Although it may sound slightly scary and murky if you are unfamiliar to it, private tutoring is the best way to get (relatively) good money quickly and easily. While you will have to be self-employed, and take the financial ups-and-downs that go with that, as a private tutor with a full schedule you could be taking in £175-£200 a day - that would do... The downside, of course, is figuring out the rules of the game and getting yourself established - it would still take some time, as well as luck, effort and creativity to get set up with that.

If I were in your position, I think my plan of action would be to...

- Pick a place I liked, and that I would be happy for my daughter to be in (let's say Brighton).

- Arrange a job at a language academy there before settling down any sort of roots. With a CELTA, 4 years and a relevant BA/MA you'll find something before long. If there are no jobs, pick another city and go back to square one (above). A larger company such as St Giles, Stafford House or EF would give you more room for sideways/upwards career progression.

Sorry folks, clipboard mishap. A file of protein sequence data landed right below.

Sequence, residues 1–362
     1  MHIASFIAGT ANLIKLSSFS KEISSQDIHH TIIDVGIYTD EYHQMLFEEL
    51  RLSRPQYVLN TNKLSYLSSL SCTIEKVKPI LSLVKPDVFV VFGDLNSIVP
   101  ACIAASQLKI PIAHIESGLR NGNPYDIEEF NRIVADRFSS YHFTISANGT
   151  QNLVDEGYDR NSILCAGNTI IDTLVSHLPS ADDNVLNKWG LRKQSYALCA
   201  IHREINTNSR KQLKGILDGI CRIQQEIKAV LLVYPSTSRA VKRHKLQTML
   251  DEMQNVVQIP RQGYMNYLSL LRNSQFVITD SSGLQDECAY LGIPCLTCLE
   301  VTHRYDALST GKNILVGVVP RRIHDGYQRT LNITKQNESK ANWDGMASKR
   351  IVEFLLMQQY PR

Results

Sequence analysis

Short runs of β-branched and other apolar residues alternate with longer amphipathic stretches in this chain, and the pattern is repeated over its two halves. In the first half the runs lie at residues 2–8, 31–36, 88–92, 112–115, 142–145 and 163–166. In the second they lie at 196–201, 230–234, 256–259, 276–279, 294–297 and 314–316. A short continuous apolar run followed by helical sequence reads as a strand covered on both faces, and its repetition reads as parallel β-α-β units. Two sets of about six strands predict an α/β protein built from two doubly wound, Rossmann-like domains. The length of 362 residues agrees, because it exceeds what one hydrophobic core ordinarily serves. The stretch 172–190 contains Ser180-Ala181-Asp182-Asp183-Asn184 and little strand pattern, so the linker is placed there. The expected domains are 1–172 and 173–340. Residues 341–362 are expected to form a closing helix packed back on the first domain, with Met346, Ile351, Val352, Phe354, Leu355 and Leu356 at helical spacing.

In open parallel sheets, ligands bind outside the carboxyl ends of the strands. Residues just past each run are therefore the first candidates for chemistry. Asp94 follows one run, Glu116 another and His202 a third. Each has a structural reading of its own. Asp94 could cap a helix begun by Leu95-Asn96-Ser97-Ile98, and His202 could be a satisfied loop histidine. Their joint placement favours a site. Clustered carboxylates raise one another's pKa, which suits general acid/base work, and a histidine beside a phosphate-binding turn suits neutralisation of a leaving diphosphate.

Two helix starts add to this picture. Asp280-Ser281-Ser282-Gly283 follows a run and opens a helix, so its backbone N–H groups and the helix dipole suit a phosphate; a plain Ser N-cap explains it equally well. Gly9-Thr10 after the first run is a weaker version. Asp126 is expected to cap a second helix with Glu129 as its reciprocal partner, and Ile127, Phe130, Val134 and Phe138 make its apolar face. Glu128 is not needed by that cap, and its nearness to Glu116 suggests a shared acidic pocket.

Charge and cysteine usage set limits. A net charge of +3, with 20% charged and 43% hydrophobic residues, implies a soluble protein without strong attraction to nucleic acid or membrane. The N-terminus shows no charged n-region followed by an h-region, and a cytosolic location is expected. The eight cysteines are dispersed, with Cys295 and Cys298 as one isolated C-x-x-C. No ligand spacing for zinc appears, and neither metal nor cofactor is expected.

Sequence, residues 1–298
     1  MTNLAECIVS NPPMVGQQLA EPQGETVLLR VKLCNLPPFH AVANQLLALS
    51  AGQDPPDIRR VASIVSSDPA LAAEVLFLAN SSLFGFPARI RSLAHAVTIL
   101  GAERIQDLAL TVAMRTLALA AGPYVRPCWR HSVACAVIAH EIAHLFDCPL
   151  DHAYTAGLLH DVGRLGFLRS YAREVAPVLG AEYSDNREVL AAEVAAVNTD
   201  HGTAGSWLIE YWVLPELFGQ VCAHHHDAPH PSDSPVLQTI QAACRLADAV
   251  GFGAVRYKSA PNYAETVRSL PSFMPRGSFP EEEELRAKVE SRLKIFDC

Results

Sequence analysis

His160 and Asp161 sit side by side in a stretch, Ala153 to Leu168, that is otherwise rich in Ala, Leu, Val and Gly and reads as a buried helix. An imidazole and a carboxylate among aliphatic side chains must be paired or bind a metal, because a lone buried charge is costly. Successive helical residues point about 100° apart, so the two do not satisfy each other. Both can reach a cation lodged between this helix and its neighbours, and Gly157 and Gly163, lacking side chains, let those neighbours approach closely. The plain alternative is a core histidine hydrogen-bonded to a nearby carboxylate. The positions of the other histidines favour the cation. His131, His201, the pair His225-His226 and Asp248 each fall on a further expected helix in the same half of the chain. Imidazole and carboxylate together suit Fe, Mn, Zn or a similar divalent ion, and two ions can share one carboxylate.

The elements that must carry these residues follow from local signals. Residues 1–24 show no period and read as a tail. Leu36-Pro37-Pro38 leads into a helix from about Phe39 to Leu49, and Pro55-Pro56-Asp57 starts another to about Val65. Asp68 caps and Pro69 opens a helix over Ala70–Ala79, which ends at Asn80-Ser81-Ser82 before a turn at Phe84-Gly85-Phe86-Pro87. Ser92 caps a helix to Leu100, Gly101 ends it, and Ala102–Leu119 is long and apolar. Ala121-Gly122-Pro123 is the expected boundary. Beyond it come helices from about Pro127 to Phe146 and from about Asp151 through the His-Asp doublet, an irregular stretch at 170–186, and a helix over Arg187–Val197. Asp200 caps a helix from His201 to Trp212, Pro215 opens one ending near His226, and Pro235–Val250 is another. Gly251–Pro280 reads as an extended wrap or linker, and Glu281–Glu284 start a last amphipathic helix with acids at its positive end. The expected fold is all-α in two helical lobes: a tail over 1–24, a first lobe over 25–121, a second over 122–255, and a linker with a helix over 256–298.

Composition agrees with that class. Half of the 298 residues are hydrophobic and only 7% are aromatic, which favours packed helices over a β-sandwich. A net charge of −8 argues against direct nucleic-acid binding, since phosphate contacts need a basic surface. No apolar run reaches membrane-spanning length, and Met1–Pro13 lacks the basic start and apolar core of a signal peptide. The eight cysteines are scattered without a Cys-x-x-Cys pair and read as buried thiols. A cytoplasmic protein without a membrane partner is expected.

- Once job is sorted, rent a flat in a nice area which is affordable because it is miles away from the city centre - this is the compromise to make in order to balance income and costs. It may suck living in the middle of no-where with a horrible commute, but it is a temporary arrangement to make things work.

- While teaching EFL, slowly work on private tutoring on the side. Register on places like, advertising IELTS, EAP, and proof-reading to international students, and GCSE English tutoring to home students. Bear in mind 'proof-reading' often turns into doing international students' degrees for them - this is unethical, but can be very lucrative.

- Also, begin work on a part-time DELTA or Masters straight away. Once completed, they will pay for themselves - think of them as an investment.

- Look into examining with Cambridge and Trinity. They're not always recruiting, but once on board with them it can fit in with the ESL job and is extra money in the bank.

- Look into teaching EAP courses at the local university/ies. Try to get your foot in the door at a pre-sessional course, then see if there are any inroads into in-sessional or foundation courses.

- (There is also the option of FE colleges - although I wouldn't...)

- Go to events organised by institutions like English UK and the British Council. More than anything, these are networking opportunities.